This article offers some ways to think about the recent (voluntary) separation of some 44 executives from the civil service after the leadership assessment exercise. The matter must also be viewed in the context of the unfortunate leak, causing something equivalent of national humiliation for those who alas, missed the mark. It was interesting to observe the reactions— sudden surges of sympathy, equal expressions of the event being almost poetic in its justice.

I find it very hard to completely agree with either. I wish everybody well: those who made it and those who didn’t. The former now has the onus of living up to a label and great expectations. The latter, well, many of them are walking away with 2 years of pay and pension benefits, so let’s not feel too bad for them, especially considering that we have many, many people to feel bad for in the current climate.

Now, we could briefly entertain the thought that perhaps, the assessment metric was flawed. But for the sake of this piece, we can proceed with the belief that the assessment tested something and many missed the mark of whatever was being measured.

The assessment may not have told us everything, but it told us something. It told us that perhaps, some individuals may have been kind and caring about their subordinates but did not really understand what the point of their job really was, or that some individuals may have been intellectually proficient but did not possess the basic traits of a competent manager that transcends cultures, languages and countries. And worst of all, some individuals may have been found to not care about their subordinates, not really understand what their job was and be incompetent managers all at once!

So what can we make of this experience in a way that is compassionate without losing sight of the things that were a problem and that needed to be addressed? Is there a middle path?

What I find fundamentally missing from the discourse is a reflection on our own complicity in feeding, maintaining, even most perversely, loving such a system. And I hope I am speaking to all, whether within or outside the civil service.

I can’t help but be reminded of Alexandr Solzhenitsyn, who in the 20th century was sentenced to the Soviet concentration camps and wrote the Gulag Archipelago about his own as well as others’ experiences in the camps. According to some, the reason that this book, globally famed to bring awareness to the horrors of Soviet tyranny, is said to have struck a chord so deep that it de-legitimized an entire system, is that Solzhenitsyn first and foremost took personal responsibility for having let such a system fester. The following excerpt is from the book 12 Rules for Life by Jordan Peterson:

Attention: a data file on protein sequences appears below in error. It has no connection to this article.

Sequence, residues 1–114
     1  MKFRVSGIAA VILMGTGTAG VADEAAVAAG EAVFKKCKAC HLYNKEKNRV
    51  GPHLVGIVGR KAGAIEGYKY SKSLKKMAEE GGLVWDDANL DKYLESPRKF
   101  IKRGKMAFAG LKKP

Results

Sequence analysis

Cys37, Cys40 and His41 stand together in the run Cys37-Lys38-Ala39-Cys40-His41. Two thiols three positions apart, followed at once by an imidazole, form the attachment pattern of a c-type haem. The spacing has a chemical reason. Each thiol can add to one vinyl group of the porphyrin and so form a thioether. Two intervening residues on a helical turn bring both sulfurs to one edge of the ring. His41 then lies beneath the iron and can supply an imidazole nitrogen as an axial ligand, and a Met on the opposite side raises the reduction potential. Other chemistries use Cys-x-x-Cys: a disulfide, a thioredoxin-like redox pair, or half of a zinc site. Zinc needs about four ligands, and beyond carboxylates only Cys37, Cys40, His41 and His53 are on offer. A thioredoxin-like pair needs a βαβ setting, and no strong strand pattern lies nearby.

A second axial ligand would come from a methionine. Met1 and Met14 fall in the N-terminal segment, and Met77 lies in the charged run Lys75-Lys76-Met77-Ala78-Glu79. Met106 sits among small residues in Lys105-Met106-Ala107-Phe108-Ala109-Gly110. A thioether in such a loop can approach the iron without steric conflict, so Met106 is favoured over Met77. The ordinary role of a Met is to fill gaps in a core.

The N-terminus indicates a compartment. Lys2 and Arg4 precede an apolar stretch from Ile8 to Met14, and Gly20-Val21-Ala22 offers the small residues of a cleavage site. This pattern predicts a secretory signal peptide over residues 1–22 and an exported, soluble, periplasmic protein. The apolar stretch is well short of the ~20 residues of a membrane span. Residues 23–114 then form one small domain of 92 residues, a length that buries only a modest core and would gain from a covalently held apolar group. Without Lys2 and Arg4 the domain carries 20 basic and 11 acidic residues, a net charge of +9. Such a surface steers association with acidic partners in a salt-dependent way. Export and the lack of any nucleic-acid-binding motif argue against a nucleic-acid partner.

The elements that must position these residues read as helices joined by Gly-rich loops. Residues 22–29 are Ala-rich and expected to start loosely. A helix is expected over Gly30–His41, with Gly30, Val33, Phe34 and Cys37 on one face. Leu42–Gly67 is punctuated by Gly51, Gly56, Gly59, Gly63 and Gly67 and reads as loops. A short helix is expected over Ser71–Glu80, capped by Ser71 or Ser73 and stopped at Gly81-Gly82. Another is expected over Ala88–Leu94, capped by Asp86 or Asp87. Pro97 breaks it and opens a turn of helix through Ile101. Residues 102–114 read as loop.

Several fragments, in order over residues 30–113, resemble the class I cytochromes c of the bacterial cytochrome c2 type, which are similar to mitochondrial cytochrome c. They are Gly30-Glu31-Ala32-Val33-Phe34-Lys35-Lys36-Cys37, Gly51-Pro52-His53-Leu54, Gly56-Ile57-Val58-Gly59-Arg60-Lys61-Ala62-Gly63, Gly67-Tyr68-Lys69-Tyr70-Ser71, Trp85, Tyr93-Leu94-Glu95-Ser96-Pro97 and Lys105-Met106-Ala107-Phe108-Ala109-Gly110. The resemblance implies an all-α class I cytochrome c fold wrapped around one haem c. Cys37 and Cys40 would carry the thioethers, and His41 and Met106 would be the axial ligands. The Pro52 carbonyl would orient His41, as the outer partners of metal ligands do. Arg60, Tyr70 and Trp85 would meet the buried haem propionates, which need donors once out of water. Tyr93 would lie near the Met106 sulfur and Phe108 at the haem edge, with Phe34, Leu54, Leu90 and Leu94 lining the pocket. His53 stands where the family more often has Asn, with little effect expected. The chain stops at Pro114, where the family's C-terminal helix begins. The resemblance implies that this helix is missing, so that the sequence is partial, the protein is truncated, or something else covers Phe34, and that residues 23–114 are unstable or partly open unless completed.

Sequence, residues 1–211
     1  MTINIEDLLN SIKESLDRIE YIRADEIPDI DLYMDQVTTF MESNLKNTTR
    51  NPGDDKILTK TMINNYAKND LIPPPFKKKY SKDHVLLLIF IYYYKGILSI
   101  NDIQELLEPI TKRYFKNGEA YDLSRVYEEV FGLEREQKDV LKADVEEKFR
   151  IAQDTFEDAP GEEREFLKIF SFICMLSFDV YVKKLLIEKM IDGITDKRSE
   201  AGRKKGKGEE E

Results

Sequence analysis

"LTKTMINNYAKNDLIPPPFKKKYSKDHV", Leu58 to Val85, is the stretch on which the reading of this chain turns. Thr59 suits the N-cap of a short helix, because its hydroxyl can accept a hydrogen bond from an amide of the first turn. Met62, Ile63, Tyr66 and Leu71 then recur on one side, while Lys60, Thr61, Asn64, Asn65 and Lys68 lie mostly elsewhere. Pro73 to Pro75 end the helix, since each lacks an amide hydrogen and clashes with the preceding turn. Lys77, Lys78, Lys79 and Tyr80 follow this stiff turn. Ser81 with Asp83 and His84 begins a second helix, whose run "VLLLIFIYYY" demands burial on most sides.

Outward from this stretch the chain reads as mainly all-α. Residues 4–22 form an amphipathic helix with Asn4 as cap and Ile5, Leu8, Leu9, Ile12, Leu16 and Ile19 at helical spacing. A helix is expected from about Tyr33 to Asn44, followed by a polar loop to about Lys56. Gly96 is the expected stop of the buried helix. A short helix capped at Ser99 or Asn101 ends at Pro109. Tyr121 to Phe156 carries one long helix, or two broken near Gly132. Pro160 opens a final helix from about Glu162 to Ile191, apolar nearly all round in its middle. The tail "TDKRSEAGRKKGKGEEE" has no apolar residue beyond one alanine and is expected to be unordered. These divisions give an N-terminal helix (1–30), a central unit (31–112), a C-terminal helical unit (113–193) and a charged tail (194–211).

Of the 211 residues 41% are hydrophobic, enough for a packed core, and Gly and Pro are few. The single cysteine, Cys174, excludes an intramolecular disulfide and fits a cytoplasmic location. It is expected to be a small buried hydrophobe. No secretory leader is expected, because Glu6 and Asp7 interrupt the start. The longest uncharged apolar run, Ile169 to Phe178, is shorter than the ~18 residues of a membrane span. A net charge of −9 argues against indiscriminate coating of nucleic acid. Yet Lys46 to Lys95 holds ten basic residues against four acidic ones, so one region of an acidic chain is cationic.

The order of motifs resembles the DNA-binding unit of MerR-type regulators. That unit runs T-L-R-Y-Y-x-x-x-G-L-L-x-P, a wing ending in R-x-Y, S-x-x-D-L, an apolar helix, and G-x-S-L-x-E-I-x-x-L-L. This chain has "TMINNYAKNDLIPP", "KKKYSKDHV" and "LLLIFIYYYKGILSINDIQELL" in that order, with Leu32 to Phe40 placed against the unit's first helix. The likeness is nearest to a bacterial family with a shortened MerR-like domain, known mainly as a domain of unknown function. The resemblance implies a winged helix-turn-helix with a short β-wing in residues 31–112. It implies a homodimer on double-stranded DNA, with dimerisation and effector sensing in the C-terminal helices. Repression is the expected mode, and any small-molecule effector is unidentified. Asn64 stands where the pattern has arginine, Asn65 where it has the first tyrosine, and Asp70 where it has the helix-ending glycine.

“. . he (Solzhenitsyn) asked himself the most difficult of questions: had he personally contributed to the catastrophe of his life? If so, how? . . . How had he missed the mark in the past? How many times had he acted against his own conscious, engaging in actions that he knew to be wrong? How many times had he betrayed himself, and lied?”

Similarly, how many times did we feel that we should not ruffle any feathers? How many things did we decide to sweep things under the rug? How many of us convinced not only ourselves but also others that we will all put up with it until we get what we want and it isn’t our problem anymore?

So I urge all of us to begin by taking some personal responsibility. Before anyone else, ask yourself, did I, in any way, personally, contribute to this event? If you are reading this article, it means that you can read and in English. If you understand this, you must be educated sufficiently to be able to comprehend some relatively complex ideas. You are also the type of person to read newspapers, perhaps on your smartphone. So you must be privileged, or at least not be at the absolute bottom rung of society to absolve yourself of the sort of agency where you are empowered to do something, anything.

This experience above all should be a mirror held up against our own images. It reflects our shortcomings, it taunts us with all that we aren’t and all that we could be.

Nobody has the answer to if this going to be good for us or if this is going to end up making things even worse. I would strongly caution against foretelling the future. But there is no doubt that something or some things are changing. I hope it changes for the better and I hope we all work towards ensuring that outcome.

The country is at a tipping point. The barriers such as our geography, our obscurity, our lack of integration into the global system that shielded us in the past from the worst impacts of war or economic depression do not exist anymore. But the disappearance of these barriers is also what will precisely bring us opportunities and prosperity.

It is awe-inspiring to think of the extent to which the civil service can really make a difference. All of us were witnesses to its potential as well as its eminent waste. All of us have the responsibility to demand as well as make the civil service and all of its decision-making, influence and privileges work for the people.

So let us take a leaf from Solzhenitsyn who, quoting Peterson again, “. . . took an axe to the trunk of the tree whose bitter fruits had nourished him so poorly—and whose planting he had witnessed and supported.”

I welcome further discussion.

Contributed by 

Chencho Gyeltshen